Answer: Why would you want to continue to work with these people? You're divorced, and it's not a positive work situation, given that you're neck deep in family drama. They do not have your interests at heart.
Redouble your efforts to find another job. You may need to retool your resume and look at what you offer external employers. Think about consulting a professional resume and outplacement service for advice on how and where to go about job hunting in the digital age, and brush up on professional networking, your professional image, and interviewing skills. You might also consider a stress-based medical leave or a severance agreement in consultation with an attorney. Also consider going back to your divorce attorney to file for spousal support, if necessary. (Hey, your husband had this it coming.)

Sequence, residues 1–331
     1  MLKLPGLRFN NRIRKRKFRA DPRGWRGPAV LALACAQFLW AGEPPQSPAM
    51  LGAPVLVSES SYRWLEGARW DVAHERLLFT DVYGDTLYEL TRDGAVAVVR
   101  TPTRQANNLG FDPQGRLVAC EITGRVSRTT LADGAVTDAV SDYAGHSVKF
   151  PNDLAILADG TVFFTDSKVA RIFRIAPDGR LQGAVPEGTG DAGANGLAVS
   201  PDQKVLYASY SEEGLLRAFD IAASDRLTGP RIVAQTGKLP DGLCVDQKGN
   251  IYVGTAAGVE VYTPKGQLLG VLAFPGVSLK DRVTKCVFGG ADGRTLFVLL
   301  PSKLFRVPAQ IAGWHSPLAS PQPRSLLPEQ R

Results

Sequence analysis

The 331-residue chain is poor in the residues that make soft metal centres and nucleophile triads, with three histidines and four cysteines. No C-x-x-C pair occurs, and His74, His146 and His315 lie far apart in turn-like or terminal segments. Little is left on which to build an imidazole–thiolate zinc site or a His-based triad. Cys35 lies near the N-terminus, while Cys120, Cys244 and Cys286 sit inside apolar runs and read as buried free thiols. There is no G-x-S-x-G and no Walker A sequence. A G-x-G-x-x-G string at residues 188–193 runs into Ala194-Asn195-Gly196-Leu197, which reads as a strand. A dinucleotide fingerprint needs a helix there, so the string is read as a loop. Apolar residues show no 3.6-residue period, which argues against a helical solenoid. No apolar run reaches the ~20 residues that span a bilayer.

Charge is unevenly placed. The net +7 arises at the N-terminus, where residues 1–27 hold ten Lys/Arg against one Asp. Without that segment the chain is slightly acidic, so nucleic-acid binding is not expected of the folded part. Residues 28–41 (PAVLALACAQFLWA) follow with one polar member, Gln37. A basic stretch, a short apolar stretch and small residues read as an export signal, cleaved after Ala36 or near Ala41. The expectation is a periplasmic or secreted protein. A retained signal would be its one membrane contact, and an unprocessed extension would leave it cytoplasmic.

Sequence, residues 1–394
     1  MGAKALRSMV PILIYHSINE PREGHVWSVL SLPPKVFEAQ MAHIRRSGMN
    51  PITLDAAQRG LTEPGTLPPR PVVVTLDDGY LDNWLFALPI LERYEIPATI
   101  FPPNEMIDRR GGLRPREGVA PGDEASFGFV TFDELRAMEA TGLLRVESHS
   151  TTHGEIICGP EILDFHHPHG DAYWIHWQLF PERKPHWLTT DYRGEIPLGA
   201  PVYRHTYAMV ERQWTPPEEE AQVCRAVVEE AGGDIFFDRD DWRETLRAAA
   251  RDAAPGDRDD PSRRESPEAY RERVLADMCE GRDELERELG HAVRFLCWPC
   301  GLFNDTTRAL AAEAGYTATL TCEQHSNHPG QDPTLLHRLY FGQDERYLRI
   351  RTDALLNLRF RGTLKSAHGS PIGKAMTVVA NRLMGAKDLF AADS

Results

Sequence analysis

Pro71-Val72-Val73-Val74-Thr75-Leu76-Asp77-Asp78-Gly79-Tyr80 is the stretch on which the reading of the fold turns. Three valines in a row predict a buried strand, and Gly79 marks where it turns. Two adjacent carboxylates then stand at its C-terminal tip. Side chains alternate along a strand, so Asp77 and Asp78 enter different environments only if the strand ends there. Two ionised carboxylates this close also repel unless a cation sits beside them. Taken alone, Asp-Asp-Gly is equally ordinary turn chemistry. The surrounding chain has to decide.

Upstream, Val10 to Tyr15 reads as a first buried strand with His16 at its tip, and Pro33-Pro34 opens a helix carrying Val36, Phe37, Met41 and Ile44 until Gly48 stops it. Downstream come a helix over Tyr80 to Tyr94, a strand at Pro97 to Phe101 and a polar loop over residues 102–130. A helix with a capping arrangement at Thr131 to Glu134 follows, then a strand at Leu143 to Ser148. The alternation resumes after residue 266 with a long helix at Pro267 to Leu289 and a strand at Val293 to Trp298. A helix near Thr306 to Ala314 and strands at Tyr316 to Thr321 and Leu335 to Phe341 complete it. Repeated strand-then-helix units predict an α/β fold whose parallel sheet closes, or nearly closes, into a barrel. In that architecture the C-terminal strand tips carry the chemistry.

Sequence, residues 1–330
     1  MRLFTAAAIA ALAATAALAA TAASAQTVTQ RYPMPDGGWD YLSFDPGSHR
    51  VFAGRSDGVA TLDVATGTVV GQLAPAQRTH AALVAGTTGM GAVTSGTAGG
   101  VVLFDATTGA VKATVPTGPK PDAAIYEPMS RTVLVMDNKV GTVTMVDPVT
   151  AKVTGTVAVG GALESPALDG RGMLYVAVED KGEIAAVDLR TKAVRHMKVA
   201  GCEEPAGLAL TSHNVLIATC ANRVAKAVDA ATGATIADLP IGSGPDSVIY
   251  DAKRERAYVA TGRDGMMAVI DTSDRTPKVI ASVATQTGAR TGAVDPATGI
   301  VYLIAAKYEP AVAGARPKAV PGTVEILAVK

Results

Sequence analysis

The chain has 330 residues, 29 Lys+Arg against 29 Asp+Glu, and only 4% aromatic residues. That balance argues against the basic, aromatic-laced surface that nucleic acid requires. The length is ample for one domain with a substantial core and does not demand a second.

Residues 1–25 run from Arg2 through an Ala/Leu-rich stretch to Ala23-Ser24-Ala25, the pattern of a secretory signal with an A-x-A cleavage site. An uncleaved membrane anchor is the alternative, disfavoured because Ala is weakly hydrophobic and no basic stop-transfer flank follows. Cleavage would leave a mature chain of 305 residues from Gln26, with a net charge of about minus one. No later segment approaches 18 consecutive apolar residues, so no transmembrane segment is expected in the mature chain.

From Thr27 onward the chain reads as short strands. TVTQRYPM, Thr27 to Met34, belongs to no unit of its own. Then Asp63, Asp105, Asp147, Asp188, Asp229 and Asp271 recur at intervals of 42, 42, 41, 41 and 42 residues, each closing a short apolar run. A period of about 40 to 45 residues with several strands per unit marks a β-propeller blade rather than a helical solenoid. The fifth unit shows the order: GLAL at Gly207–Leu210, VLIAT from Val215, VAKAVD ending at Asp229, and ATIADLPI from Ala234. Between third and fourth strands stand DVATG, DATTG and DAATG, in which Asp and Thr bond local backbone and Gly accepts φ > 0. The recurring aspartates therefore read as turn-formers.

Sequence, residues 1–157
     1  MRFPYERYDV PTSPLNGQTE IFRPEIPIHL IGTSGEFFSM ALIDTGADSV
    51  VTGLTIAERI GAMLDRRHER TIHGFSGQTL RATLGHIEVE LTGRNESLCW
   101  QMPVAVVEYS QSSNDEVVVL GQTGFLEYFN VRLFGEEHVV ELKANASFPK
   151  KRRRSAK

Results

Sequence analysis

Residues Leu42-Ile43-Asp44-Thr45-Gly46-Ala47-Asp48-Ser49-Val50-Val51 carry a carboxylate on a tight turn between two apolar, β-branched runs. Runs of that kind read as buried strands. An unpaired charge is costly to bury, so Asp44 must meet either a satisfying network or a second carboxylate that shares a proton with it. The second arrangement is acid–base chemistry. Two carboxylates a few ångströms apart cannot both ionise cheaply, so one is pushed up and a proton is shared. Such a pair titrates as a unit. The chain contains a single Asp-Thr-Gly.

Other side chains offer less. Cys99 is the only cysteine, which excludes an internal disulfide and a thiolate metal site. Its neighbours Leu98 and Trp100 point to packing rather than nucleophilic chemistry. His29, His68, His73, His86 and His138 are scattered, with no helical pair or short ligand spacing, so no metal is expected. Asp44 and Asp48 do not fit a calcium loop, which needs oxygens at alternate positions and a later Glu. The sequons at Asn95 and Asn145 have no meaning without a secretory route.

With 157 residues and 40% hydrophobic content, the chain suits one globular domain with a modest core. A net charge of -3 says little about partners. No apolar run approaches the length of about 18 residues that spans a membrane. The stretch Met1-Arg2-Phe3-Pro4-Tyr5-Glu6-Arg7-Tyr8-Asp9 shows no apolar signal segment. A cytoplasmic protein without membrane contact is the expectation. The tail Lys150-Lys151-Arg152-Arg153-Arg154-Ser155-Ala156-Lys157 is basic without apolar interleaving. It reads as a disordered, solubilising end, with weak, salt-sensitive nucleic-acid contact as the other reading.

© 2013 FlourishAnyway
FlourishAnyway (author) from USA on December 31, 2019:
Jet76 - Thank you for telling your wife's unfortunate story. Although I'm glad her situation is resolved, her serial harasser is still allowed to torment others. If facts are appropriate, several female and/or minority complainants may want to band together to consider a "pattern and practice" type of complaint that sets the groundwork for a class action complaint. That will really get their attention. After a while, too many complaints against the same person becomes problematic and the company often tires of that manager, especially if the cases go outside the company.
JET76 on December 30, 2019:
Years ago, my wife worked for a hospital and was moved under a supervisor who was known to be abusive. She was targeted for abuse by the boss and was denied a move. The abuse escalated and she filed a complaint, which then became turned into open season on my wife. It took three years and untold emotional suffering, but we prevailed. It likely cost the organization hundreds of thousands of dollars and damaged the careers of numerous managers when the solution was simple: move her away from the abusive supervisor.